A league needs professional governance structures, a business strategy, and the functions to support it such as a professional website which is regularly updated with the fixture and results. Marketing support to increase interest and awareness, business development, etc. The sport needs a development department for the referees, youth and coach education and the various other areas that make futsal a sellable product but all of this at Slovak Futsal are at a disastrous level. Futsal leadership has long been responsible for the declining numbers of clubs participating in the Extra Liga.

How can any club develop to the level its need to be so the sport can have an impact domestically to attract fans and business interest? How can players and coaches have a positive impact on the European or world stage for their club or country if the level of competition is not to the standard we need it to be? The competition and performance level has to improve but despite the time and efforts that everyone has put in from a club level we are not reaping the benefits and recognition at a larger national level.

The problem in Slovakia remains that futsal isn’t managed directly by the Football Association, but is led by Slovak Futsal. UEFA money can only be used for national teams and youth. There is a new law for sport in Slovakia which has complicated many things in our country and this is why the level of the league looks like this as well. To finance a club in Slovakia is a waste of time and money because there is no return in value.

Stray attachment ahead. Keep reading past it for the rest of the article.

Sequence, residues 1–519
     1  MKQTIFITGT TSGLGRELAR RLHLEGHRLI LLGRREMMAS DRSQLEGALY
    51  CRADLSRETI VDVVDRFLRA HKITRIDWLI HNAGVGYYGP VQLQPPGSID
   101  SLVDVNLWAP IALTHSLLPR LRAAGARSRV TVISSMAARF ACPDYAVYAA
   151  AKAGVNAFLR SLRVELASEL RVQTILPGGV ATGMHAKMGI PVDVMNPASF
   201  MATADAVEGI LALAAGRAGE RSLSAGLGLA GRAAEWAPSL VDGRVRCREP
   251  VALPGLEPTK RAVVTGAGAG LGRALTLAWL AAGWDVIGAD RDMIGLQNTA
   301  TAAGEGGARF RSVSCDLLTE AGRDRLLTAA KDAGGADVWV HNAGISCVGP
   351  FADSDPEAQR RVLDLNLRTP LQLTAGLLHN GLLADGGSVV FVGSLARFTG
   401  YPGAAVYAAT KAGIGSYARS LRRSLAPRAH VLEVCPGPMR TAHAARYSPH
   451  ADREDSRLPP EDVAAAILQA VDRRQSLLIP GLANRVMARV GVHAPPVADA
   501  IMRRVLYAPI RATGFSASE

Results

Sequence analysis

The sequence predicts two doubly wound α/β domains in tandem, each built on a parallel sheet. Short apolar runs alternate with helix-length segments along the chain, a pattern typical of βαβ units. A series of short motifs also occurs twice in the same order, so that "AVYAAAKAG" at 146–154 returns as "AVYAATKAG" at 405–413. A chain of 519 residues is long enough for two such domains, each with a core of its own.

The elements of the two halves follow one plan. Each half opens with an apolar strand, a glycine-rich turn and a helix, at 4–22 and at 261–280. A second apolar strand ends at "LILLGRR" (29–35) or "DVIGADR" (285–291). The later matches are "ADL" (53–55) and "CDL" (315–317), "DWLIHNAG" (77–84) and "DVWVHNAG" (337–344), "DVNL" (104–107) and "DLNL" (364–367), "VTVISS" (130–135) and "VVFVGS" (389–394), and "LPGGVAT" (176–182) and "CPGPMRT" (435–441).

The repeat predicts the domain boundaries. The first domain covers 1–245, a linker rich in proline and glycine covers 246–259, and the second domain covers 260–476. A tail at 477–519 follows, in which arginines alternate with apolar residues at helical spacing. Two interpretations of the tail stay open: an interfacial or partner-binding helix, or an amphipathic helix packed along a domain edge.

In the past, when I was general manager for 13 seasons with Slov-Matic FOFO, nine times we advanced to the Elite Round of the UEFA Futsal Champions League. I organized an event a number of times in Slovakia at the Ice Hockey arena in front of 5,000 spectators commemorating 2015 when we beat the famous S.L Benfica 5:4 as means to raise money and to help keep the club going.  As far as I know, clubs are not getting any money to qualify for the UEFA Futsal Champions League.  The only money goes to a group organizer (52,500 EURO) and other clubs participating will receive a travel grant (10,000 EURO) all subsidized by UEFA. However, there is not enough money coming to clubs from the domestic competitions we are involved in nor from UEFA when you win a game or draw a match at the UEFA Futsal Champions League. You win 10,000 EURO if you qualify from the preliminary round and the main round but that doesn’t cover anywhere near the amount of money it costs to travel to the host nation and bring the number of staff along with the players that you need. This is an issue that UEFA has to look at as well.

Should the Football Association take over the organizing of the league, I hope to see workshops on every aspect of club business and clubs sharing information and showing best practice case studies which you see in others countries around us developing this sport.  In Slovakia, nobody is taking a leadership role and there is not enough money in our sport, that is the problem, but I hope in the near future this will change.

We cannot sit about, wishing for the day to come that the Football Association will step in, I mentioned the difficulties we are facing are due to a lack of leadership in Slovakian Futsal. Therefore, I intend to put myself forward as a candidate for the Slovak Futsal presidency and I want to bring the clubs together to address the issues we are facing and show the leadership this sport needs in Slovakia.